Go Back  Bike Forums > Bike Forums > Road Cycling
Reload this Page >

help - bottle cage mount in Ti frame damaged

Road Cycling “It is by riding a bicycle that you learn the contours of a country best, since you have to sweat up the hills and coast down them. Thus you remember them as they actually are, while in a motor car only a high hill impresses you, and you have no such accurate remembrance of country you have driven through as you gain by riding a bicycle.” -- Ernest Hemingway

help - bottle cage mount in Ti frame damaged

Old 08-04-06, 08:31 PM
  #1  
SpongeDad
Overacting because I can
Thread Starter
 
SpongeDad's Avatar
 
Join Date: Jan 2005
Location: The Mean Streets of Bethesda, MD
Posts: 4,552

Bikes: Merlin Agilis, Trek 1500

Mentioned: 0 Post(s)
Tagged: 0 Thread(s)
Quoted: 0 Post(s)
Likes: 0
Liked 0 Times in 0 Posts
help - bottle cage mount in Ti frame damaged

Basically, it spins in place but doesn't fall out. I think it was over-torqued when the cage was mounted. I think the mount is AL but the frame is Ti - when something gives, its the Ti.

Frame looks okay, but is there any good way to fix mount in place (like some sort of metal glue)?

I am so depressed right now, I think my entire weekend is shot.
__________________
“Courage is going from failure to failure without losing enthusiasm." (Churchill)

"I am a courageous cyclist." (SpongeDad)
SpongeDad is offline  
Old 08-04-06, 08:39 PM
  #2  
Blastinbob
Mufflerman
 
Blastinbob's Avatar
 
Join Date: Jul 2004
Posts: 387
Mentioned: 0 Post(s)
Tagged: 0 Thread(s)
Quoted: 0 Post(s)
Likes: 0
Liked 0 Times in 0 Posts
JB weld is a 2 part epoxy that works on metal available at your local parts store and large Home Depot style hardware stores. Without seeing it I couldn't tell you if it would work or not. While your at the hardware store pick-up a couple some small nylon bolts for it (take a cage bolt with you to match the closest you can get, it will be ever so slightly larger), i use them on a couple of my bikes and they work great and weight almost nothing. The tops are slotted for a screwdriver and don't take much pressure to tighten them down.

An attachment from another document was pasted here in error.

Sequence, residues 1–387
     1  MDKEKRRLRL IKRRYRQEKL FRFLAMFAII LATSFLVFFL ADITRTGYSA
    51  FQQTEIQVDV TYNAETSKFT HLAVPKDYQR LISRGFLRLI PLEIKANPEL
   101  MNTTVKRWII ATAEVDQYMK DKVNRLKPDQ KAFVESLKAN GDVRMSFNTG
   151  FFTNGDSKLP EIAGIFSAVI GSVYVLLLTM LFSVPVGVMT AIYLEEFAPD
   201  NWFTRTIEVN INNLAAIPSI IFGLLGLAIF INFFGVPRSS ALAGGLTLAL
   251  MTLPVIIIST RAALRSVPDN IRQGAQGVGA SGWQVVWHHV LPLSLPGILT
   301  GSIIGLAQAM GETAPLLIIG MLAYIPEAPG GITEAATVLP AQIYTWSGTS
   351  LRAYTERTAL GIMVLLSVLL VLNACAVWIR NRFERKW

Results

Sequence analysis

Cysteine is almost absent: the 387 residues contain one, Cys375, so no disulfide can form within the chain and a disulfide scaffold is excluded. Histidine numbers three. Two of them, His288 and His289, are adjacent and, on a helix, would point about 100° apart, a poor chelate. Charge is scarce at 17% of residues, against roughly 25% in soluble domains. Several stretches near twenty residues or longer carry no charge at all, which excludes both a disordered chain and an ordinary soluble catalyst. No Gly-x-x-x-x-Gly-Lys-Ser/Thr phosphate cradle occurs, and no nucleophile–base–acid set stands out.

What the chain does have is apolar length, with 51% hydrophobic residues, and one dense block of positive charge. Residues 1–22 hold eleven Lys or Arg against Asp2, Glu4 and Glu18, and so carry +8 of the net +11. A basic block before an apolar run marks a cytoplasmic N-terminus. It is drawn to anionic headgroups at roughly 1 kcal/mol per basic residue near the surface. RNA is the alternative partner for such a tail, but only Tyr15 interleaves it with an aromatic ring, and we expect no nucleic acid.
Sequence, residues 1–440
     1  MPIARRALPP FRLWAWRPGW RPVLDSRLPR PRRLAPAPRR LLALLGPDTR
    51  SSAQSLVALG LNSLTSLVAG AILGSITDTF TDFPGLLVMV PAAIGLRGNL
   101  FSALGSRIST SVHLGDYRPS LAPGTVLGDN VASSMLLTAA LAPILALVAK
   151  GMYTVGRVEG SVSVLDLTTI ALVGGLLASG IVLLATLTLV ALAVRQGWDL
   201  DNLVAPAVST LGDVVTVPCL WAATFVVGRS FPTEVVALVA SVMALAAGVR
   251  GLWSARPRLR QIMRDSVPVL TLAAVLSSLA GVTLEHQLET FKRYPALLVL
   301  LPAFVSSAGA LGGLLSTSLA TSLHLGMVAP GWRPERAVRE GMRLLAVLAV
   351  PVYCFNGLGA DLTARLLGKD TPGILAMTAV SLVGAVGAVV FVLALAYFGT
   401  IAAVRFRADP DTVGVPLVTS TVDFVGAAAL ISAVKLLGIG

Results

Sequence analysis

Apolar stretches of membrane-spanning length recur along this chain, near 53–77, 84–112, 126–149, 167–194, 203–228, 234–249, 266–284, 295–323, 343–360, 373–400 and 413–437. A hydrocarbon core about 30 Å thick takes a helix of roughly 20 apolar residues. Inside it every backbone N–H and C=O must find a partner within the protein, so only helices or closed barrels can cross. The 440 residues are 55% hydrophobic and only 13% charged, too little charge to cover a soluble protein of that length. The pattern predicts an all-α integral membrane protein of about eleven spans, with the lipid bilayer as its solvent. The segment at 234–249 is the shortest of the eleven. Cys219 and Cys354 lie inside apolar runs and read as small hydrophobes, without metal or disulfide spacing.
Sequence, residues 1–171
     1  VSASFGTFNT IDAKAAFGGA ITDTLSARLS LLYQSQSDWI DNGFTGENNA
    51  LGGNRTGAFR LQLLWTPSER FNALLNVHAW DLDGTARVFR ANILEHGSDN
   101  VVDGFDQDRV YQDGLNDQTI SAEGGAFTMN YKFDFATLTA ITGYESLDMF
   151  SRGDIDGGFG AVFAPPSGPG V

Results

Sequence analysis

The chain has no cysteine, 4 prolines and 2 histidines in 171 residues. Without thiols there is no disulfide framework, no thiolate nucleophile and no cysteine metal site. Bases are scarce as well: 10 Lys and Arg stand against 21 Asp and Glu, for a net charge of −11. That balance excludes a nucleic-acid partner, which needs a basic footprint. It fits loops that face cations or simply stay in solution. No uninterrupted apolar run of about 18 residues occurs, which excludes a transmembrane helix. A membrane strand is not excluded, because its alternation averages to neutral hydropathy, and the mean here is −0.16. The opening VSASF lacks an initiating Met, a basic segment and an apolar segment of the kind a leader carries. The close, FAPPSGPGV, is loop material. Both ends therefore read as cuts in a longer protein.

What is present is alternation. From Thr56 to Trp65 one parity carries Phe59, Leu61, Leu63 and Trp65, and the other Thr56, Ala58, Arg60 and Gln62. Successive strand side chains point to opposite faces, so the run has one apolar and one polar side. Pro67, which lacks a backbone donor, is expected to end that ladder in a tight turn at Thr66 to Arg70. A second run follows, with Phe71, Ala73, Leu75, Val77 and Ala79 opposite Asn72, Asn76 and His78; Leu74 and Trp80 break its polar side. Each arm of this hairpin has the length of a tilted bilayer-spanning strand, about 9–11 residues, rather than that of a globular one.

Blastinbob is offline  
Old 08-05-06, 03:35 AM
  #3  
Serpico
Banned.
 
Join Date: Nov 2004
Posts: 7,460
Mentioned: 0 Post(s)
Tagged: 0 Thread(s)
Quoted: 0 Post(s)
Likes: 0
Liked 0 Times in 0 Posts
didn't you mention you're in contact with Tom Kellogg? Give him a call--he's probably seen this before.

good luck
Serpico is offline  
Old 08-05-06, 05:13 AM
  #4  
mollusk
Elite Fred
 
mollusk's Avatar
 
Join Date: Aug 2005
Location: Edge City
Posts: 10,893

Bikes: 2009 Spooky (cracked frame), 2006 Curtlo, 2002 Lemond (current race bike) Zurich, 1987 Serotta Colorado, 1986 Cannondale for commuting, a 1984 Cannondale on loan to my son

Mentioned: 6 Post(s)
Tagged: 0 Thread(s)
Quoted: 44 Post(s)
Likes: 0
Liked 0 Times in 0 Posts
I'm guessing that you have a rivnut that has come loose. The way these things work is that when installed the outer part is held fixed and the inner part is tightened causing the cylindrical part in contact with the frame to expand and it is held in place by friction. Sometimes they can be retightened (a very quick job) but sometimes they have to be replaced (a tedious job if you want to be extremely careful to leave no grinding marks on your frames when grinding the head off.)

Do a search in the mechanics forum. I think that I've seen rivnuts discussed over there.
mollusk is offline  
Old 08-05-06, 05:39 AM
  #5  
R900
Double Secret Probation
 
R900's Avatar
 
Join Date: Aug 2005
Location: Eastern Indiana
Posts: 2,578

Bikes: Madone 6 series SSL, Cannondale CX9, Trek TTX, Trek 970, Trek T2000

Mentioned: 0 Post(s)
Tagged: 0 Thread(s)
Quoted: 0 Post(s)
Likes: 0
Liked 0 Times in 0 Posts
I can't recall for sure, but it seems like I've seen a tool for these before. My guess is if you have a good frame builder anywhere close they might be able to take care of it.

Good Luck - John
__________________
Time to Ride...
R900 is offline  
Old 08-05-06, 06:18 AM
  #6  
mollusk
Elite Fred
 
mollusk's Avatar
 
Join Date: Aug 2005
Location: Edge City
Posts: 10,893

Bikes: 2009 Spooky (cracked frame), 2006 Curtlo, 2002 Lemond (current race bike) Zurich, 1987 Serotta Colorado, 1986 Cannondale for commuting, a 1984 Cannondale on loan to my son

Mentioned: 6 Post(s)
Tagged: 0 Thread(s)
Quoted: 44 Post(s)
Likes: 0
Liked 0 Times in 0 Posts
Originally Posted by R900
I can't recall for sure, but it seems like I've seen a tool for these before. My guess is if you have a good frame builder anywhere close they might be able to take care of it.

Good Luck - John
The basic concept for a homemade rivnut tool can be found here:

http://ourworld.compuserve.com/homep...ng_rivnuts.htm

Adapt to your own situation.
mollusk is offline  
Old 08-05-06, 06:53 AM
  #7  
Ramjm_2000
Senior Member
 
Ramjm_2000's Avatar
 
Join Date: Dec 2005
Location: Anywhere the government sends me...
Posts: 930

Bikes: Too many...

Mentioned: 0 Post(s)
Tagged: 0 Thread(s)
Quoted: 3 Post(s)
Likes: 0
Liked 0 Times in 0 Posts